Texture is important in any room, but in the light, often all-white palettes of the coast, texture takes on a much more significant role. Here at the beach, natural textures take the form of driftwood, rope, seagrass, linen, and rattan, to name a few. To bring natural texture to your home, try classics like weathered wood, jute, and wicker, or find inspiration in the landscape where you live.


American Coastal style homes are often accented with the colors of sea and sky – mostly blues, but also lighter colors, like the pastels of an ocean sunrise. This helps tie what’s inside to what’s outside. Think about the colors where you live. If you’re surrounded by forest, incorporate deep greens and earthy browns. If you live in the desert, try clay reds, burnt oranges, and dusty pinks. Mother Nature creates her own palettes, and they never disappoint!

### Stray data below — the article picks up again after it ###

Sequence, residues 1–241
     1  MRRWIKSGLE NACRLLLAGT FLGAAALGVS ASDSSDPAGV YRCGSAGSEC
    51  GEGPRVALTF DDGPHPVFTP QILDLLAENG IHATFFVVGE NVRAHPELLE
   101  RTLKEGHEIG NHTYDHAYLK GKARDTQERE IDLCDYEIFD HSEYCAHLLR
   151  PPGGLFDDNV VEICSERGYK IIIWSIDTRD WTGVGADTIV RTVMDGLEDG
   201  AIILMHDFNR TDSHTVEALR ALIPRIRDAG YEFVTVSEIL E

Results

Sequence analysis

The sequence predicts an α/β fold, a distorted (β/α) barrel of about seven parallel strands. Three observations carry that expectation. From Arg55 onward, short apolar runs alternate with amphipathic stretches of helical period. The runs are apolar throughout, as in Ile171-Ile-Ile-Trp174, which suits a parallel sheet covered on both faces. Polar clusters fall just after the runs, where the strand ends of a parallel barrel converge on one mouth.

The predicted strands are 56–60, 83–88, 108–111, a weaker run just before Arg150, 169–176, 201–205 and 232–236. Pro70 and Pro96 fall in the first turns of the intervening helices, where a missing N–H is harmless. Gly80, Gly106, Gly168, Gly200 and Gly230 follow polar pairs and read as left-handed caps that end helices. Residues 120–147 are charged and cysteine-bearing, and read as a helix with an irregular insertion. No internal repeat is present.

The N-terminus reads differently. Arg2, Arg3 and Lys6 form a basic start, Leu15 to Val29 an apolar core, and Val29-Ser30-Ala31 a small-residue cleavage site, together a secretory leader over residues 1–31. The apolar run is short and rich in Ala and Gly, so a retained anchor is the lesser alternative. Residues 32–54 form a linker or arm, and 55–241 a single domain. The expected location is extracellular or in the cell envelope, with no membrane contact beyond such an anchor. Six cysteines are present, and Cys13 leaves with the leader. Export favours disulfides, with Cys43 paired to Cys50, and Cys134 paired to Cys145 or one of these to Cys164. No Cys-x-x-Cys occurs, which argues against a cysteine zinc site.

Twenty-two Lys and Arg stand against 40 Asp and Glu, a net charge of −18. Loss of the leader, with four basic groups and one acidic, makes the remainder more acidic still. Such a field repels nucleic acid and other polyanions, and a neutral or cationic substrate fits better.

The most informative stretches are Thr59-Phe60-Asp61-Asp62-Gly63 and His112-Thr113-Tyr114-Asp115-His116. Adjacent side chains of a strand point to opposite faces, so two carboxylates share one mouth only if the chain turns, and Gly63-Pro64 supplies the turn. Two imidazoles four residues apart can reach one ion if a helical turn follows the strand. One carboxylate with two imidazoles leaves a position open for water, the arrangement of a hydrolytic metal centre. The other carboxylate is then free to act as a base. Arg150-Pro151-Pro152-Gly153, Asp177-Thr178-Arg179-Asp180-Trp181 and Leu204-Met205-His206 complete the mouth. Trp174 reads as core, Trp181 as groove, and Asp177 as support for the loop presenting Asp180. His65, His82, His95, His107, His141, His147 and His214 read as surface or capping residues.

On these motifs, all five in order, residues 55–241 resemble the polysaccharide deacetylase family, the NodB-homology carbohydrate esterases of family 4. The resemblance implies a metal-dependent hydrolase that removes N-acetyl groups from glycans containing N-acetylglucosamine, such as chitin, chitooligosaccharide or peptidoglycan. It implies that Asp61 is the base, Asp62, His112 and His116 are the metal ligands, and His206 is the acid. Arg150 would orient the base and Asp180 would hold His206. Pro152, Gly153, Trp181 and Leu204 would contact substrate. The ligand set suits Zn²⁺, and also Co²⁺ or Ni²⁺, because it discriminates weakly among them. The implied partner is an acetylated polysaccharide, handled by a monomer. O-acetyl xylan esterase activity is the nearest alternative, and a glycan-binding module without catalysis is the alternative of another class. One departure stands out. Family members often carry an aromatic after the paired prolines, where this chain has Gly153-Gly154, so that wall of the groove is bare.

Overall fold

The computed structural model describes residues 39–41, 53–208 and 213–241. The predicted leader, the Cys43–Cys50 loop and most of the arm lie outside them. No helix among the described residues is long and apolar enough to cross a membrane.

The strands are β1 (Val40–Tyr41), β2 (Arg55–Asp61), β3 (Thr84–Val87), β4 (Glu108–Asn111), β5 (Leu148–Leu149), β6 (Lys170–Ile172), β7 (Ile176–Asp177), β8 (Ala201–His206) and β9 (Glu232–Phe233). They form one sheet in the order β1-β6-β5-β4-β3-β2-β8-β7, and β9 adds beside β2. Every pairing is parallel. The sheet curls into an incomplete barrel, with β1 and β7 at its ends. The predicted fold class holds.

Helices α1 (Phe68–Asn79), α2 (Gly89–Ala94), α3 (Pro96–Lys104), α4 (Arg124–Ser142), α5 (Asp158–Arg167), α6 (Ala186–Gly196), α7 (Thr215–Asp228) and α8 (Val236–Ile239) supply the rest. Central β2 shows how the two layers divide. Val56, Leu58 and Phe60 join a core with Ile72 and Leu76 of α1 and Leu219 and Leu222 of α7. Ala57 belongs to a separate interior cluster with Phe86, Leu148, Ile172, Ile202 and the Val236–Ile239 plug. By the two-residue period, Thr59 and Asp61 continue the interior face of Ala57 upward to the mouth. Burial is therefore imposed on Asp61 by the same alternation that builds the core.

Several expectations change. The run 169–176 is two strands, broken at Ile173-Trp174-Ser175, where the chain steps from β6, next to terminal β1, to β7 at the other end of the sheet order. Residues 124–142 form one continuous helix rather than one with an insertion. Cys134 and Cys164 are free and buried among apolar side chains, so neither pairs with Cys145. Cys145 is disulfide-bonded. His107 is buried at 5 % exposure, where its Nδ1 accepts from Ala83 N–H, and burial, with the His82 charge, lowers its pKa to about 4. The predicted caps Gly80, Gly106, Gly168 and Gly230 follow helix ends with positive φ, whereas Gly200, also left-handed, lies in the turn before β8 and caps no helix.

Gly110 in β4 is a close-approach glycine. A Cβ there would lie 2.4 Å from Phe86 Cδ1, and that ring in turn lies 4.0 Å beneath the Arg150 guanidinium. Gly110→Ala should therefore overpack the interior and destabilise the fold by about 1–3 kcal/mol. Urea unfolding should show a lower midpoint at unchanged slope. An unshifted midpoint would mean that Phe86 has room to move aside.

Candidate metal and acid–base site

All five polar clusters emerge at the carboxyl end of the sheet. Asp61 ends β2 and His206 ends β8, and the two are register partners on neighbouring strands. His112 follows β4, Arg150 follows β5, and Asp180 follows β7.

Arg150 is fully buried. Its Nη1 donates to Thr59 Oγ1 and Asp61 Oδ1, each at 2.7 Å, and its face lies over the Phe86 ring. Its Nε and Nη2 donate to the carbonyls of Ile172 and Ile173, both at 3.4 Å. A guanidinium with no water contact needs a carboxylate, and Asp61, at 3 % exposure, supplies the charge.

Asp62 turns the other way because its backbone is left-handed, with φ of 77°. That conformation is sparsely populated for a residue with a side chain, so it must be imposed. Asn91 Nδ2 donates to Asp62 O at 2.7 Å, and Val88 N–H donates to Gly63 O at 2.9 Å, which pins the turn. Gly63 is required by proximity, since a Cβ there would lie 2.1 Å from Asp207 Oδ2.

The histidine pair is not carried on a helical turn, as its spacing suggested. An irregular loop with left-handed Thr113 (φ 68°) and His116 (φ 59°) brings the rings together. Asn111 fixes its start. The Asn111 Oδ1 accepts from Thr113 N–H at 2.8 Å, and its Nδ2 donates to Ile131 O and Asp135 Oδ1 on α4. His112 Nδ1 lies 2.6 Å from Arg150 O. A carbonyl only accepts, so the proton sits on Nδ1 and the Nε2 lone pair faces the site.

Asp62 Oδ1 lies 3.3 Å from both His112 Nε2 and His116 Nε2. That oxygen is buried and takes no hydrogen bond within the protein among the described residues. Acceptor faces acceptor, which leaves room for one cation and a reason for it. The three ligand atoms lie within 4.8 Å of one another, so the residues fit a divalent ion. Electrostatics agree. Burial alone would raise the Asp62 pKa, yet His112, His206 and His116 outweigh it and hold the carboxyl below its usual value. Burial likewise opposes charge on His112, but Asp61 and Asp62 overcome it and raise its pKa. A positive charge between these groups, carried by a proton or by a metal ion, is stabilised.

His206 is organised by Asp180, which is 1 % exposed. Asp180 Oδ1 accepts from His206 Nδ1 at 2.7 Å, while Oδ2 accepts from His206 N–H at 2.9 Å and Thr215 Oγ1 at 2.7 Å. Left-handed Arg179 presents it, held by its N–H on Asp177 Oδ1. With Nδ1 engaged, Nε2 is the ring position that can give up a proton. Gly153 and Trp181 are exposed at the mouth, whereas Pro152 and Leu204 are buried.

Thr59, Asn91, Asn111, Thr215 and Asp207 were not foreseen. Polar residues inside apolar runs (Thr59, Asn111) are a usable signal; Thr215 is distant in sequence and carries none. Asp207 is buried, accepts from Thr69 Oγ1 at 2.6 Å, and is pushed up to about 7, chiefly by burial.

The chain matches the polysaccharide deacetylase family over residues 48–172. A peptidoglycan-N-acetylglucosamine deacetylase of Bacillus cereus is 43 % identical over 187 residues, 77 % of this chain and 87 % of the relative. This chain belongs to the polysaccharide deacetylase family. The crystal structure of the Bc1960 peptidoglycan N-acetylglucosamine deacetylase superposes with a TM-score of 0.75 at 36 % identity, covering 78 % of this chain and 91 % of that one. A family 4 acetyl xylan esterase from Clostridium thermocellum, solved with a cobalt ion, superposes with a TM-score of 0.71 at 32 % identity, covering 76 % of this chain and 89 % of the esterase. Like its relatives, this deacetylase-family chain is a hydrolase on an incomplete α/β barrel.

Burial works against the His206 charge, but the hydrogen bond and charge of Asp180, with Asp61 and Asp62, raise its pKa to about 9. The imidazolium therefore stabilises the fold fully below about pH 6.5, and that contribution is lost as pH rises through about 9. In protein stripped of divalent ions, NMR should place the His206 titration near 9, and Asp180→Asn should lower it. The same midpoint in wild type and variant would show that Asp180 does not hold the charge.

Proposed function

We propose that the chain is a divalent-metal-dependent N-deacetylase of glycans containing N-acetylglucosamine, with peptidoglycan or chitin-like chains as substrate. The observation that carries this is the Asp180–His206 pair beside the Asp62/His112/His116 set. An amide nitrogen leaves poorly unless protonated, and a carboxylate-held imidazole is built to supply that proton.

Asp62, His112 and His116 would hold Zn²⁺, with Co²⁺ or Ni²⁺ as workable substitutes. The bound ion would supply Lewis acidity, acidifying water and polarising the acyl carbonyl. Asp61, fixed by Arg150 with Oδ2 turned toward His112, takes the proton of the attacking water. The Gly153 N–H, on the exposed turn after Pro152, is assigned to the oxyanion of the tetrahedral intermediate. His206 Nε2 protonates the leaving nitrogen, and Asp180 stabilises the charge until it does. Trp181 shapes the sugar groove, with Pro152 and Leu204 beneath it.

Life at the beach – with all that sand and water – can get messy, which is why slipcovered furniture is a coastal home staple. The result is a casual, yet tailored vibe that creates an inviting space that still feels buttoned up. Slipcovers are especially great for anyone who lives with kids or pets. If slipcovers aren’t your thing, create the same feeling by choosing comfortable furniture with clean, simple lines in unfussy textiles.